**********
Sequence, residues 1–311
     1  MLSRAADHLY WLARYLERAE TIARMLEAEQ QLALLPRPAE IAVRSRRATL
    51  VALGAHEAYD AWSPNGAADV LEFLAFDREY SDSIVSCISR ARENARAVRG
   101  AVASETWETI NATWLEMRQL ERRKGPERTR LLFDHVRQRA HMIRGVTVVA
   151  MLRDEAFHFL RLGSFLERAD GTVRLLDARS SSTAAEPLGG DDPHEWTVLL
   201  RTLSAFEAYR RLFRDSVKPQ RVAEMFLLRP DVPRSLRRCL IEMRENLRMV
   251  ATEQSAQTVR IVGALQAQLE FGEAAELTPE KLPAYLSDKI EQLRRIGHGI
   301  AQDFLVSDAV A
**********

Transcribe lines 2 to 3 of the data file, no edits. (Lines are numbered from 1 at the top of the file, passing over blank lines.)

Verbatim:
     1  MLSRAADHLY WLARYLERAE TIARMLEAEQ QLALLPRPAE IAVRSRRATL
    51  VALGAHEAYD AWSPNGAADV LEFLAFDREY SDSIVSCISR ARENARAVRG